A new study indicates demand for distressed properties is rising all around the world. The Royal Institution of Chartered Surveyors latest Global Distressed Property Monitor found 21 of 25 countries surveyed reported increased demand for distressed properties, up from 19 the previous quarter. Even so, experts believe the inventory of these properties is set to increase in 2012. Countries that anticipate large volumes of foreclosed selling in the new year include Ireland, Portugal, Spain and Italy, which seems to suggest negative sentiment regarding the broader European debt crisis recovery. For more on this continue reading the following article from Property Wire.
Demand for distressed property is rising in more countries than it was previously, according to the results of the latest Global Distressed Property Monitor from the Royal Institution of Chartered Surveyors published today (Friday 10 February).
The quarter four survey shows that respondents in 21 of the 25 countries included in the report indicated that interest in distressed assets increased during the fourth quarter, higher than the 19 in the previous quarter.
Demand from specialist funds rose at the fastest pace in Scandinavia, where 45% more respondents saw interest rise, rather than fall. This was closely followed by the United Arab Emirates, Italy, France and Japan. Only three countries reported falling investor appetite in; China, Singapore and the Czech Republic.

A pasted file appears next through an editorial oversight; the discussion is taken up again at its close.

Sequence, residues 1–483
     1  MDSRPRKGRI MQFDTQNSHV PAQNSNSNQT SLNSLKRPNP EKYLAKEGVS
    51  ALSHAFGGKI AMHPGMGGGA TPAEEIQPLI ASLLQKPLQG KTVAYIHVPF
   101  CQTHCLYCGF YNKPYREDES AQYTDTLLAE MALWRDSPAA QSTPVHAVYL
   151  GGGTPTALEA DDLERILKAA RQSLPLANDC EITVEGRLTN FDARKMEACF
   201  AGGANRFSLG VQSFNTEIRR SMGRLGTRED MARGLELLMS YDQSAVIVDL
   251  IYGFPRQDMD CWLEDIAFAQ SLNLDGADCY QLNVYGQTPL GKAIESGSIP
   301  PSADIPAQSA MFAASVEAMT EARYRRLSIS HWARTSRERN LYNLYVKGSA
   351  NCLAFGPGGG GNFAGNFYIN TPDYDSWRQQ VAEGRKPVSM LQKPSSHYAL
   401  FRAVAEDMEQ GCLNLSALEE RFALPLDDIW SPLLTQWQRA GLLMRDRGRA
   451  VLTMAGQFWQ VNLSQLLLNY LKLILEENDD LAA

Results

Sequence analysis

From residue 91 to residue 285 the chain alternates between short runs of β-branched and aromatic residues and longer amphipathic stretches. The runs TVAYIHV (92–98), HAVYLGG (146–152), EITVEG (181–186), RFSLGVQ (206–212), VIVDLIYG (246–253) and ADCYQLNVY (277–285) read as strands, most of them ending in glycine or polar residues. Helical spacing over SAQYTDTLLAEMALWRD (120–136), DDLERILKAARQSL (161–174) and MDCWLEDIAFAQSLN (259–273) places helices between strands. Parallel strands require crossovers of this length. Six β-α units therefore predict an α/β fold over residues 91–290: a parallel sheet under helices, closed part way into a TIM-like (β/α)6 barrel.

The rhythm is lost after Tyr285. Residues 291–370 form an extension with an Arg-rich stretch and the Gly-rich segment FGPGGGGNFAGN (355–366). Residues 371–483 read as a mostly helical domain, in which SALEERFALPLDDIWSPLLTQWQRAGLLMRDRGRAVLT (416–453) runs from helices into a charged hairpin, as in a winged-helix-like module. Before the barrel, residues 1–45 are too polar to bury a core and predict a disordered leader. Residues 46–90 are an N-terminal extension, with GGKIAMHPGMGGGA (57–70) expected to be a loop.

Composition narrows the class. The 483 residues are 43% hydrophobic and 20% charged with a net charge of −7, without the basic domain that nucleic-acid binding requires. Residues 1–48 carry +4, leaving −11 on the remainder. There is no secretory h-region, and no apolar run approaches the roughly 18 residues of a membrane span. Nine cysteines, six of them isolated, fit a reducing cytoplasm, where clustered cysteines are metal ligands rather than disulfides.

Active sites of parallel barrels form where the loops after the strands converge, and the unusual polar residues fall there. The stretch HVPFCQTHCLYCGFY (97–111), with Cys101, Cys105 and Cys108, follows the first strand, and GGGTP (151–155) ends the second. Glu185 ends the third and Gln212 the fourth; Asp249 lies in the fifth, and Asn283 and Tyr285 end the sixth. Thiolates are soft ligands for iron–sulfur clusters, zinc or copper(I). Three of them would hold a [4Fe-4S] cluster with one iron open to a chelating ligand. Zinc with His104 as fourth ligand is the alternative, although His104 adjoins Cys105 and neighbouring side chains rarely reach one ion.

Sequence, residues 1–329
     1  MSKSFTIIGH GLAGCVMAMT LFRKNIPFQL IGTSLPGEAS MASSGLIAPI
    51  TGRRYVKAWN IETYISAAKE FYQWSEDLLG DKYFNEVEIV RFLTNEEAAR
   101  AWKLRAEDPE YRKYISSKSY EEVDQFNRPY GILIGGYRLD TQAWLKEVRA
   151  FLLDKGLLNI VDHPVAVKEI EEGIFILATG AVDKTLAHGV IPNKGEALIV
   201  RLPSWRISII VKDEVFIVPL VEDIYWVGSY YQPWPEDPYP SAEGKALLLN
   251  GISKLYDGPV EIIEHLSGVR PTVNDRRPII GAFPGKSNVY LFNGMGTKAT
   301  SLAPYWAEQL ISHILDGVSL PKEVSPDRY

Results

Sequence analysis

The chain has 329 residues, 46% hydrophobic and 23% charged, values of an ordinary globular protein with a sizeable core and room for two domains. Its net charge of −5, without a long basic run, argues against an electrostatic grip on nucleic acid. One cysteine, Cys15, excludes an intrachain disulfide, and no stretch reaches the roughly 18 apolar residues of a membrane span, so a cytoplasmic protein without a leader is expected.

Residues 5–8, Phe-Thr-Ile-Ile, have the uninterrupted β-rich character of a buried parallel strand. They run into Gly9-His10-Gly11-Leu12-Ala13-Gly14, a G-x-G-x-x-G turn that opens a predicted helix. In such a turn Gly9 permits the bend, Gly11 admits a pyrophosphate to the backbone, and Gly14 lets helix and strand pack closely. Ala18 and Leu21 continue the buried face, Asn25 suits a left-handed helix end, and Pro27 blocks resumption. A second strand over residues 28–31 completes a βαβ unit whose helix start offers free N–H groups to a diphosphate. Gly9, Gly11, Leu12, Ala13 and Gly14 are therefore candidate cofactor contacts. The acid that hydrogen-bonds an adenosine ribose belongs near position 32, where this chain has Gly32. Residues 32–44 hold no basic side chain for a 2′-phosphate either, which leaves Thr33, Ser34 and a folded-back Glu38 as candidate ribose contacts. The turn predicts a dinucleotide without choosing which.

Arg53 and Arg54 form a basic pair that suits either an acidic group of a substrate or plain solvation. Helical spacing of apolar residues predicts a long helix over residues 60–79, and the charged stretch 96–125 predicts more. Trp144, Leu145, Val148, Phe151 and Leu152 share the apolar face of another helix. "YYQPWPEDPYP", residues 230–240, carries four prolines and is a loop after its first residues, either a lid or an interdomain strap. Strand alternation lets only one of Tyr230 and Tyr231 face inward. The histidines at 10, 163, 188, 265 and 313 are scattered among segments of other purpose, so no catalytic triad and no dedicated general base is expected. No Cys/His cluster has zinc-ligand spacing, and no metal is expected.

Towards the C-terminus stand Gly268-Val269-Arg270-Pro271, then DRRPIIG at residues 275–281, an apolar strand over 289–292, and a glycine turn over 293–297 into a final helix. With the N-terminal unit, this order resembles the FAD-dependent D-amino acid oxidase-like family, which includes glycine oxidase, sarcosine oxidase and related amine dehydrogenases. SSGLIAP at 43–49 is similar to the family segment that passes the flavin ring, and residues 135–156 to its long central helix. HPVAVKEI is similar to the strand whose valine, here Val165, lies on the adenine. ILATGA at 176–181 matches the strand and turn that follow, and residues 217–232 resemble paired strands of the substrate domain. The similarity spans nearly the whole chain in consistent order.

Despite this, the level of distressed property coming to market is set to continue rising into the first quarter of 2012, the survey suggests. Respondents in 17 countries expect supply to increase, and at the fastest pace in euro area markets.
Some 87% of respondents in the Republic of Ireland anticipate more foreclosed selling in the first three months of 2012, followed by Portugal, Spain and Italy at the top of the rankings. RICS says that the ongoing sovereign debt crisis in the eurozone is clearly weighing on sentiment, as property professionals in even France and Germany also anticipate more distressed selling.
‘The economic news flow remains mixed at best, and sentiment in the real estate sector is still fragile in much of the world as a consequence. In particular given the ongoing and intensifying problems in Europe, it is little surprise that respondents in many of these countries are more pessimistic,’ said Simon Rubinsohn, RICS chief economist.
‘That said, the rise up in the number of countries reporting rising investor appetite for distressed assets maybe viewed as an indication that prices in the market place are getting closer to offering value,’ he added.
This article was republished with permission from Property Wire.